Styles :: Thieu Lam Chu Gia
 
   

The Thieu Lam Chu Gia (Shao-lin Zhou Gar, "of Zhou family") belongs to the fighting systems generically known as southern styles. It comes from the synthesis of elements which are characteristic of the Hung Gar, Choy Gar and Wing Chun styles, with results that are particularly interesting with regard to the fighting efficiency.

 
 
The Founder Master
 
 

The birth of Chu Gia style is due to M Chu Long (Zhou Long), who was born around the mid XIX century in a country near Canton. After practicing for five years the Hung Gar style, under the guidance of his uncle, he moved to Singapore, where he met a monk, master of Choy Gar, who taught him for seven years. Afterwards, M Chu Long returned to his native country where he opened a school of martial arts; there he taught a synthesis of the two styles: Chu Gia style was born. M Chu Long used to define his school with this sentence: "Hong dau, thai vy", literally "in the beginning Hung Gar (Hong) style, at the end Choy Gar (Thai) style".

Then M Chu Long was chosen to teach martial arts to the regular army; in the same time he opened a gymnasium in Canton, and his name became famous through the whole country. Commandant Ly Phuc Cam introduced him a master of Wing Chun, Trinh Hoa, and the two masters taught each other their own techniques. So the Chu Gia was enriched by precious elements coming from Wing Chun, that M Chu Long put mostly in the advanced forms.

 
 
Diffusion
 
 

The Chu Gia style get to Vietnam thanks to the teaching of M Luu Phu, who was born near Canton in 1909 and died in 1971 in Saigon (Ho Chi Minh City). He started practicing Chu Gia style when he was very young, with M Chu Buu, one of the "brother" of M Chu Long, and as he had been training very hard, he was allowed to teach in his master's gymnasium. He stayed there until 1937, when the outbreak of the sino-japanese war forced him to move to Vietnam, where he start to teach his style. In a first time Chu Gia style was practiced only among the Chinese communities in Vietnam, then, after 1975, it begun being also taught to some Vietnamese practicing. A direct pupil of M Luu Phu, was M Sui Dau who taught until his death in 1991, and left the inheritance of the Thieu Lam Chu Gia style, to M Tran Ngoc Dinh.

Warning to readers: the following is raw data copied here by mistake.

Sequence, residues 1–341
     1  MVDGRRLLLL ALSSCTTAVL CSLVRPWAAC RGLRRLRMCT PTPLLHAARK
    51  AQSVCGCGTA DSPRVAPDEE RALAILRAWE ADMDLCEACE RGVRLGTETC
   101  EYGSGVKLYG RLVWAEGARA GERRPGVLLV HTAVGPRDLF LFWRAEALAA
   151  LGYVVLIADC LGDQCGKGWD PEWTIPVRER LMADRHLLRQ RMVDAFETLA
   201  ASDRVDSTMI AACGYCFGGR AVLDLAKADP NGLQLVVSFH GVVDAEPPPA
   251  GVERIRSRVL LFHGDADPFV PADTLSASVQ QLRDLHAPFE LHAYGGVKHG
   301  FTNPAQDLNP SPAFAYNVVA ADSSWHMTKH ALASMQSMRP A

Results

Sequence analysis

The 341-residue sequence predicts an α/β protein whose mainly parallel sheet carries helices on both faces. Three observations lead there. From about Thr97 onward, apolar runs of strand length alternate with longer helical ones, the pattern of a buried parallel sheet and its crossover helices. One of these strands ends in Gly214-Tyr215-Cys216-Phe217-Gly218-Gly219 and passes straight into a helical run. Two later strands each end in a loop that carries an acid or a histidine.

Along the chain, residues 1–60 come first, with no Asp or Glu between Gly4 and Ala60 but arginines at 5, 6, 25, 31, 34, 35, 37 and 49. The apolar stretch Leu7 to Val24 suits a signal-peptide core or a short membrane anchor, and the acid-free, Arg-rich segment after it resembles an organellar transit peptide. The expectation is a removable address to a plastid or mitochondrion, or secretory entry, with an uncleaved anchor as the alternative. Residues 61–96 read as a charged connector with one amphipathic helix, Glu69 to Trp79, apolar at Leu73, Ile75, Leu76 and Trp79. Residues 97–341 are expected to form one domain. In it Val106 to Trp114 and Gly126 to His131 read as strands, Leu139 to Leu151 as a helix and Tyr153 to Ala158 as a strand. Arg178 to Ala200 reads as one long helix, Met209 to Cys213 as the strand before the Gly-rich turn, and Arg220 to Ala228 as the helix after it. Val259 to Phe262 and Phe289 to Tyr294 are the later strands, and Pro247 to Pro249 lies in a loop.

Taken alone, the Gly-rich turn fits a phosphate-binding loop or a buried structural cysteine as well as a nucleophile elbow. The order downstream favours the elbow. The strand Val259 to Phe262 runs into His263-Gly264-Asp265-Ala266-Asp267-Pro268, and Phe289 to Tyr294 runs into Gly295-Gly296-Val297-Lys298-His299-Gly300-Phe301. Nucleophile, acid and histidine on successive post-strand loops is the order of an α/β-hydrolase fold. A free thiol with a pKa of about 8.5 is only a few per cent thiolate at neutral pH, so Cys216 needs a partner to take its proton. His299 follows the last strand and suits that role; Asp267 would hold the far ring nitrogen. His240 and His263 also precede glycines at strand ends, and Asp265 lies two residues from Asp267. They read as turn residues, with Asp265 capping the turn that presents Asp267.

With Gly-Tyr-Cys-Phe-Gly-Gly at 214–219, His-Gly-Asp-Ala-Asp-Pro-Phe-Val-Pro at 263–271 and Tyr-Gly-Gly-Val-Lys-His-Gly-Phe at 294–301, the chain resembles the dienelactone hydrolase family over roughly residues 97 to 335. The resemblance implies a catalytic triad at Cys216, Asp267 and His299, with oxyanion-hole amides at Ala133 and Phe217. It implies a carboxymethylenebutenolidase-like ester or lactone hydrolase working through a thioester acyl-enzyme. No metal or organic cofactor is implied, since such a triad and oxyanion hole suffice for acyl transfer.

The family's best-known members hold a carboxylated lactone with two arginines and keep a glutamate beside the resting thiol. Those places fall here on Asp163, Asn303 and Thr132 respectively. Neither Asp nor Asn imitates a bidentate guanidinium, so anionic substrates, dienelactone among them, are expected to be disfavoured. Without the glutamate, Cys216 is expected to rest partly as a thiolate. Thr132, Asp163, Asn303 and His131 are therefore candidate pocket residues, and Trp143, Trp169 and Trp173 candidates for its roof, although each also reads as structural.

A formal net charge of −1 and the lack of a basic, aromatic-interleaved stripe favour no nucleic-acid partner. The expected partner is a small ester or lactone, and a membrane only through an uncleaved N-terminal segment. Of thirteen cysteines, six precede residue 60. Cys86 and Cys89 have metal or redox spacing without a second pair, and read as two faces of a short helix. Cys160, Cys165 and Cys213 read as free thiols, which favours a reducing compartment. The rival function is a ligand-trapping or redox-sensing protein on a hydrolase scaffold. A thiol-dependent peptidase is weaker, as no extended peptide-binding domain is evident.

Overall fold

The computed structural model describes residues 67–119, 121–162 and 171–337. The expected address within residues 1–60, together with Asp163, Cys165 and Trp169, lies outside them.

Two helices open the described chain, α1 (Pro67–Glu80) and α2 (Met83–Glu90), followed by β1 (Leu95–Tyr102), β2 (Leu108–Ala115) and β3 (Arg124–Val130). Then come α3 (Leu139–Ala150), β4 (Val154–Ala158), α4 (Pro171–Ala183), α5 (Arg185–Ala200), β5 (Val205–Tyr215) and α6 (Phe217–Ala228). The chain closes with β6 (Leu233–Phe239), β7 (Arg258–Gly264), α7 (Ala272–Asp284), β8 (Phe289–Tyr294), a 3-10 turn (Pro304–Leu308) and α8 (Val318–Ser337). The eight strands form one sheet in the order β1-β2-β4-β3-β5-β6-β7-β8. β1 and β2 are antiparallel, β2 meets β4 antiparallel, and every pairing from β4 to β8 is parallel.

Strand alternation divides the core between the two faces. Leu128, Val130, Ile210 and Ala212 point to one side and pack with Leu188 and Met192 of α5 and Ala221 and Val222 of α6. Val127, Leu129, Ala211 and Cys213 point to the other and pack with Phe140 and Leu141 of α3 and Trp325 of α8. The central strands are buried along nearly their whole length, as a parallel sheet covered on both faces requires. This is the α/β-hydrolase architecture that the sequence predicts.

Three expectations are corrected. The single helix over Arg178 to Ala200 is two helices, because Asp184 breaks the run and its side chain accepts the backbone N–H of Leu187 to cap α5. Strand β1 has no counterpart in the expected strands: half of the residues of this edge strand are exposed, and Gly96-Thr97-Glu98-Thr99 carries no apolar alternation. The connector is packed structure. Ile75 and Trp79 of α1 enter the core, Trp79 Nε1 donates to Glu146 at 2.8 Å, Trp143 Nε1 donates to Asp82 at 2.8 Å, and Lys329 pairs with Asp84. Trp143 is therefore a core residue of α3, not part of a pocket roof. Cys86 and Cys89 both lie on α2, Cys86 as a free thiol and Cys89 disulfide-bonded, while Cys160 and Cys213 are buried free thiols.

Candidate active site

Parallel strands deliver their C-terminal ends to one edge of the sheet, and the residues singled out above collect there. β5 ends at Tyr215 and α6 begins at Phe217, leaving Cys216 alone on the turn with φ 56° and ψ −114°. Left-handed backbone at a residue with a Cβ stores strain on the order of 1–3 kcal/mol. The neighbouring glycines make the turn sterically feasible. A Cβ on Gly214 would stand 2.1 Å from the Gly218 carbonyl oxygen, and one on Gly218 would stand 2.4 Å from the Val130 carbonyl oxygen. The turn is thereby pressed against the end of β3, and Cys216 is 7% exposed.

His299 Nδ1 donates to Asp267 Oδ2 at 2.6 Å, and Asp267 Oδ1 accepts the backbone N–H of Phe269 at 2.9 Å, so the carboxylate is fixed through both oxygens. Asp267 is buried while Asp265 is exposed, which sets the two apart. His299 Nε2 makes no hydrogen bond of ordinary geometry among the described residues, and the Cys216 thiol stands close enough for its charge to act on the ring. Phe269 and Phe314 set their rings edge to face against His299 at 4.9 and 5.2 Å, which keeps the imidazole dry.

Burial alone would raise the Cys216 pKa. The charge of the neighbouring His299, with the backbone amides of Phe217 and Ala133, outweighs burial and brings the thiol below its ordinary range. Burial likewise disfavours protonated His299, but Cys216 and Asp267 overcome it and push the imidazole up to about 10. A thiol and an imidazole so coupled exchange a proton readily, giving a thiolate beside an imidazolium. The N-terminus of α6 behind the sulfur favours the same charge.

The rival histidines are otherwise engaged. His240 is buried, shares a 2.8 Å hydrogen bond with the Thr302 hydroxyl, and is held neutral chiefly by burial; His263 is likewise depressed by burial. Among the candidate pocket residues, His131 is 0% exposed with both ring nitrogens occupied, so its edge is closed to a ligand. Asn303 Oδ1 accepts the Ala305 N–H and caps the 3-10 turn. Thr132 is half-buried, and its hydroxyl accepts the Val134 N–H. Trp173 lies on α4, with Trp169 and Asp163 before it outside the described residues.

M Luu Phu
 
M Sui Dau
 
 
Technical Characteristics
 
 

Thieu Lam Chu Gia style is characterized by low and very stable positions, very good to strengthen inferior limbs, and by a particular work on arms privileging the use of explosive force so to obtain the maximum power from the blows. To these elements, typical of Hung Gar style, long distance techniques, coming from Choy Gar style and techniques coming from Wing Chun, are added; all these elements together contribute to make the forms extremely varied. The aim of practicing Chu Gia is to get the maximum effectiveness of the blows, obtained not through stiffness and contraction, but using the powerthat comes from velocity and fluidity in the execution of the techniques.

 
Program
 
 

The program of Thieu Lam Chu Gia include twenty-five quyen (forms) with open hands: the first two are not present in the program of the Zhou Gar schools in the rest of the world; they were introduced from M Sui Dau, to be propedeutic to the study of the techniques and basic movements of the style. In the first quyen there are elements characteristics particularly of the Hung Gar and Choy Gar styles, while, the last five forms are characterized by shorter and taller positions, typical of Wing Chun. The program also include different form with long stick (Con), butterfly-sward (Dao) and halberd (Dai Dao).

 
 
Styles | Binh Dinh | Thai Cuc Duong Lang | Thieu Lam Chu Gia | Bach Mi | Vinh Xuan